Some of the reasons that people might refuse the hospital gown:
- They aren’t necessarily the most comfortable material. These gowns are sometimes stiff inorganic materials with many tags and snaps that might irritate you.
- The back is open! For someone that plans on being mobile and possibly even walking the halls this can be a big deal. The suggestion from many nurses is to simply put on a second gown turned around backwards, but when you are working hard this might feel like a lot of clothes.
- You want to go in the tub or shower! Hydrotherapy is amazing, but no one wants to wear a gown in the bath. If you don’t plan ahead of time then your only other option may be wearing nothing (which is a perfectly wonderful option too).
- Wearing a gown brings back memories of being a patient. This is a really big deal for anyone that has spent time in a hospital for surgury or anything else major. As a laboring person you are not ill. You want to feel strong and in control. Wearing something that you choose might help in ways you can’t predict.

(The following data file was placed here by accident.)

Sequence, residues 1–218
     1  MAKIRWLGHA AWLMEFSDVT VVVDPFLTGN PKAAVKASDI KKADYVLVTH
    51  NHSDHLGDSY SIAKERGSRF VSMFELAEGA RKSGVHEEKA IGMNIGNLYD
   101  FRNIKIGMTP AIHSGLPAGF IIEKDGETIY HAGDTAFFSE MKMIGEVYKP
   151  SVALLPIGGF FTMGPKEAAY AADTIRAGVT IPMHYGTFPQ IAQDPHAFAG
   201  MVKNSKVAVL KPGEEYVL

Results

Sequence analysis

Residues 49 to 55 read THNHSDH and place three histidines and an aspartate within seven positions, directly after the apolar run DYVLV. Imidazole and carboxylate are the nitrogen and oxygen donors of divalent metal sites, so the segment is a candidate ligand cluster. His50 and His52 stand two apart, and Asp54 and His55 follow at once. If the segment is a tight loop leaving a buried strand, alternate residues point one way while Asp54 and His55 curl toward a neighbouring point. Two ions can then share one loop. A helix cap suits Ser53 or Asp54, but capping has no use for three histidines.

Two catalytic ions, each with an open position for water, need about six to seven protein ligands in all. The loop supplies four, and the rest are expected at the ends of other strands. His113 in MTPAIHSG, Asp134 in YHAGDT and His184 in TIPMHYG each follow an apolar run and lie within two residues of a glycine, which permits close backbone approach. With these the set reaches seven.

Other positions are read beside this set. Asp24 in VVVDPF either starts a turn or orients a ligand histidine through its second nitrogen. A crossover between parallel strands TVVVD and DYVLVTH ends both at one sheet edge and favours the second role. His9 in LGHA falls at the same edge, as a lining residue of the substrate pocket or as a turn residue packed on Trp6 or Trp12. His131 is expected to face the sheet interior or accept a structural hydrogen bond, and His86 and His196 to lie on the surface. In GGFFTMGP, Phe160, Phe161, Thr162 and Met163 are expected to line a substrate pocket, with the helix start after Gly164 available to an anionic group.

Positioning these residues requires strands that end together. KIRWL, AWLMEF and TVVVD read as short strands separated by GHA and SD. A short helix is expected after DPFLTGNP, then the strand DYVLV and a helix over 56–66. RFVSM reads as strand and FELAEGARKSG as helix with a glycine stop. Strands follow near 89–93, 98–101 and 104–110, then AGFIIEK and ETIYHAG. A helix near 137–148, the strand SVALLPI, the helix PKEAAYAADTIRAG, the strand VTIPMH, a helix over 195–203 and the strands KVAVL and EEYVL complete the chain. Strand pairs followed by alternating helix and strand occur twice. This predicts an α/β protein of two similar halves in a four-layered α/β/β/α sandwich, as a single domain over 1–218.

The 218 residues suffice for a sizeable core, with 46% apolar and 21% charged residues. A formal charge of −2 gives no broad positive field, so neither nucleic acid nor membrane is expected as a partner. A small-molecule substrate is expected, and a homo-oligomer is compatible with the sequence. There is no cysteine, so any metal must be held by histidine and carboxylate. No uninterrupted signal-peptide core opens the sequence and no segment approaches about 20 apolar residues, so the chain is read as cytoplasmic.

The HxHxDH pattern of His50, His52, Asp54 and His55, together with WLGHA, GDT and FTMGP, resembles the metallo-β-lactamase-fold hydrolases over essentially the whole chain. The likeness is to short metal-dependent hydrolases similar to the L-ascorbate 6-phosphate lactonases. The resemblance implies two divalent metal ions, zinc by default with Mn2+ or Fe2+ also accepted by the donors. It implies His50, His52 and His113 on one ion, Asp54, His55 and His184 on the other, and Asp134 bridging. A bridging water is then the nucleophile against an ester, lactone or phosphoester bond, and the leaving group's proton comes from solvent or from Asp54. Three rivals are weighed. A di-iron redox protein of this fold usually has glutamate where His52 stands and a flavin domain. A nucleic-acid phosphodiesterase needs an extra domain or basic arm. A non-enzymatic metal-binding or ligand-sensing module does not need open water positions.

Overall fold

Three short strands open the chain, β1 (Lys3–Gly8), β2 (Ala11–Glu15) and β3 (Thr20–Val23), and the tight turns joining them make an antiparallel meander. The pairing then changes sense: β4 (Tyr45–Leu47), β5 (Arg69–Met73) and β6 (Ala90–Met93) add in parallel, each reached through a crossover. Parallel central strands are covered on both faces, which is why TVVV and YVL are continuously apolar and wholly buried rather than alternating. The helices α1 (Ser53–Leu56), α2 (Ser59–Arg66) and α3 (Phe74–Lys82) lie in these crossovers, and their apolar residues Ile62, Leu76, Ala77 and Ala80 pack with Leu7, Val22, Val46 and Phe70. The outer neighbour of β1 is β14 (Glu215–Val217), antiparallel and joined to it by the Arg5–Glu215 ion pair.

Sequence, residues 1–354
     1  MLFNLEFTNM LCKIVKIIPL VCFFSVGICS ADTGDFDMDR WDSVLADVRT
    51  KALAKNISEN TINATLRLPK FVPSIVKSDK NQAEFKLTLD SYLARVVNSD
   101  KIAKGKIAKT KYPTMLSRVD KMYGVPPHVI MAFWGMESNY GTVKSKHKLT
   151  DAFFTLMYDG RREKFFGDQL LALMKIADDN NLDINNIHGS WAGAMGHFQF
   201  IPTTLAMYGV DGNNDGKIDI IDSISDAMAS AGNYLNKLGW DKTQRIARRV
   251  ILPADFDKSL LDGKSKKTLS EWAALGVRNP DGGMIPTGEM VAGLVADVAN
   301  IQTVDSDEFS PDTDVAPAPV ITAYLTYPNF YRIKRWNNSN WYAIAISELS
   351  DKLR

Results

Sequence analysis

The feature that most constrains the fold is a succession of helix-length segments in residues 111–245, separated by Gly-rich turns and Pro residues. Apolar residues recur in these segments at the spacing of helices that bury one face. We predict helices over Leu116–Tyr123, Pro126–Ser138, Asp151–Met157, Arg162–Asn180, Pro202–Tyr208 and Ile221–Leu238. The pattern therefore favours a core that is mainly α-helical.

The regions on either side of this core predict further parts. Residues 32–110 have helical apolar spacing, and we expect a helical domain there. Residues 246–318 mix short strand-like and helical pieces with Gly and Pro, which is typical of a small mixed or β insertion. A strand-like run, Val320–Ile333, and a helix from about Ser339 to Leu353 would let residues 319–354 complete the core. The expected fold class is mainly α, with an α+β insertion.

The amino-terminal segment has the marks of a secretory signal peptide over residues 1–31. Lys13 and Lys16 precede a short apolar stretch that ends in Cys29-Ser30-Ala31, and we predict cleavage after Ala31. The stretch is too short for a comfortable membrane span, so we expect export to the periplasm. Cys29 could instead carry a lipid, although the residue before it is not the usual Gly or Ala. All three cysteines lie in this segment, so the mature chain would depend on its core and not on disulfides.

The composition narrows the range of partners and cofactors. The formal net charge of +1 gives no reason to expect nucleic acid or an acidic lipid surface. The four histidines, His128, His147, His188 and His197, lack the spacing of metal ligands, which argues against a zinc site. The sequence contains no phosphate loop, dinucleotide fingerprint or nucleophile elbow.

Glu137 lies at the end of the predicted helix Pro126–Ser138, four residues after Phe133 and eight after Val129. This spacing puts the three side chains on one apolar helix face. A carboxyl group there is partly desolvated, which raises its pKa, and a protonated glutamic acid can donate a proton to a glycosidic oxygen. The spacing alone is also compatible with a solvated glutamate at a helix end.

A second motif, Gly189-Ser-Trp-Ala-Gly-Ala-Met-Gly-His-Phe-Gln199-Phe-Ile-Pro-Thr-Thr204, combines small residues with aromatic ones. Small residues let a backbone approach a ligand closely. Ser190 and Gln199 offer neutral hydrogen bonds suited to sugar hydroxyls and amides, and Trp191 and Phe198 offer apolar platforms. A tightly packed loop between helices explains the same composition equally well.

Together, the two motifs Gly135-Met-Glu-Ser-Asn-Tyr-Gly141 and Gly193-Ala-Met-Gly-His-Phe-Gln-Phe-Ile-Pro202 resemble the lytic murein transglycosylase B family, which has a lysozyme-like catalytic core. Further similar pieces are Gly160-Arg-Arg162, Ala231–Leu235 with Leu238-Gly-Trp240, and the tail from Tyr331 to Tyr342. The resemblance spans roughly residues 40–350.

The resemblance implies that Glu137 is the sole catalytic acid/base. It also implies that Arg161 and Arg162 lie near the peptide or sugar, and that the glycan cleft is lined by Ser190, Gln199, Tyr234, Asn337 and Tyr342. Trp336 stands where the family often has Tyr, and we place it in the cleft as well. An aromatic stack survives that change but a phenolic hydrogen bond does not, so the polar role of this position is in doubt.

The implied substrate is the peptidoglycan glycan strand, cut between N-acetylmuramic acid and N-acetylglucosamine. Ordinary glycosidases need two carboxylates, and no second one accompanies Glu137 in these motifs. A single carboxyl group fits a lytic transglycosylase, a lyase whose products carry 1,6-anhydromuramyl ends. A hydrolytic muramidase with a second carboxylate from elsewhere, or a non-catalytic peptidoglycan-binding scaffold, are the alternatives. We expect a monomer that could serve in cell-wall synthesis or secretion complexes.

So what should you wear? The possibilities are endless. You might choose a loose fitting nightgown. Others choose to wear a skirt and sports bra. Still others go in expecting to labor completely nude. I have to say that many people put a lot of thought into what they will wear and end up nude. For my first birth I packed a 2 piece swim suit for the tub. I am fairly modest and thought that this was a brilliant idea. What I didn’t expect was to feel so confined by the tight synthetic material. Luckily, I had also packed a tank top that felt much better.